Buying “Certified” Oil is the Only Way to Guarantee Quality. It’s FICTION. | The Olive Oil Source

Buying “Certified” Oil is the Only Way to Guarantee Quality. It’s FICTION.

By Antoinette Addison
February 01, 2011

How can we be sure that the olive oil we buy is really extra virgin and really comes from olives? What’s the best way to differentiate between “best of breed” and olive oils that might be lacking in even the most basic extra virgin qualities?

The truth is that although a certification seal is a guarantee of minimum quality, it does not mean that all high quality oils are certified. Many small, independent and new producers may not choose to go the “certification” route at all, primarily due to expense. This does not mean they aren’t equal to the best of the certified brands. If you only look for certified oils, you may be missing out on a lot of wonderful, high quality oils that are available right now. Why is that?

Most producers of high quality olive oil care enough to get their oil lab-tested to ensure that it meets the chemical standards. Lab testing is generally not expensive and can be handled by a number of labs in the U.S. Many producers also test their oils in-house with equipment such as CDR.

When it comes to deciding whether to have the oil formally certified extra virgin or not, the decision becomes a little more complicated. It is expensive and can be challenging. Even though a seal of certification can be an excellent marketing tool, the return on the investment may not be worth it, especially for small producers. There are several producers whose oil is so good that it sells out every year, without certification. In addition, there are now several organizations offering certifications, and deciding which route to take is not necessarily easy. Just as in organic certifications, there are wide differences in the process, the cost, and the requirements.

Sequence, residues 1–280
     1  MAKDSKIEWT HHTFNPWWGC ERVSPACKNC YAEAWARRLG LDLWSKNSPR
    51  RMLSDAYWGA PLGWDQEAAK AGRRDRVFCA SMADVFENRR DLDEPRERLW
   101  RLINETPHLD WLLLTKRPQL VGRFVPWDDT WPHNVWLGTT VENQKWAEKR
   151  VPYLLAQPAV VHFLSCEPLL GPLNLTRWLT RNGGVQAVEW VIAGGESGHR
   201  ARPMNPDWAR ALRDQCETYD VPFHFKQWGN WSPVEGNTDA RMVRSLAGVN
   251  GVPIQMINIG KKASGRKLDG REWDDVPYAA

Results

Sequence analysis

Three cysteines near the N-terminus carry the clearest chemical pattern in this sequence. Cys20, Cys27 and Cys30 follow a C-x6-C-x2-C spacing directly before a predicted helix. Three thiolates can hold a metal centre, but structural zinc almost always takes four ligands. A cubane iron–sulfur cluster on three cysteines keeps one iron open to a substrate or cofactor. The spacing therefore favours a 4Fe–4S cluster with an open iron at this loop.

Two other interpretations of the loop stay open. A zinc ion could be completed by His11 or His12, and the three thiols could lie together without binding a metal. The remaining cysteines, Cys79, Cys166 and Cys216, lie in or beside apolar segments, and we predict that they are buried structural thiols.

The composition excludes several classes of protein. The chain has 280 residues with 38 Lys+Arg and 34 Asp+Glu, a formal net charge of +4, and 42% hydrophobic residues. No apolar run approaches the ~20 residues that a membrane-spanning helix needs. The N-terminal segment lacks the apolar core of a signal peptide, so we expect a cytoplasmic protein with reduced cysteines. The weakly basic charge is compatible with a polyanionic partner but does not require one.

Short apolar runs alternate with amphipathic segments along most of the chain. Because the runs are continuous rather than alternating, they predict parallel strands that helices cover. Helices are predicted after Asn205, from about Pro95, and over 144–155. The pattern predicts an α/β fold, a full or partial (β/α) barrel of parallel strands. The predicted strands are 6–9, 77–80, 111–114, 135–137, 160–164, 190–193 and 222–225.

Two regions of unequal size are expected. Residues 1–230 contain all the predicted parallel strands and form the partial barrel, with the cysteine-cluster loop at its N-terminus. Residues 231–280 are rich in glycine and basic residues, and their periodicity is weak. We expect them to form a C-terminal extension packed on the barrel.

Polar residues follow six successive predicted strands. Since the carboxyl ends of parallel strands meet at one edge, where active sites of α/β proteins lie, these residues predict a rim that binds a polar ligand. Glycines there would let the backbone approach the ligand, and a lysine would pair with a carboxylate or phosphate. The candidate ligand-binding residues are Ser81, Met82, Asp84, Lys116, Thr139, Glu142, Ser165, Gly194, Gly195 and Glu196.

There are also excellent taste panels that provide olive oil evaluation services to producers, as opposed to a formal certification. They offer detailed taste profiles, which can be very helpful to the producer for improving their oils. They do not, however, offer a “seal”.

As a consumer, how can you navigate this maze? If you are lucky enough to live in an area where olive oils are produced, it’s best to get to know your local producer and taste their oils. If you have confidence in them, you can have confidence in their products. You may be able to taste different products when tastings are offered at your grocery store, tasting room or at an olive oil fair. You can look at results of olive oil competitions (although there is a lot of variation there too). In the end, a safe place to start is to buy an oil that is bears a seal of certification such as the California Olive Oil Council seal and see if you like it. That’s what matters!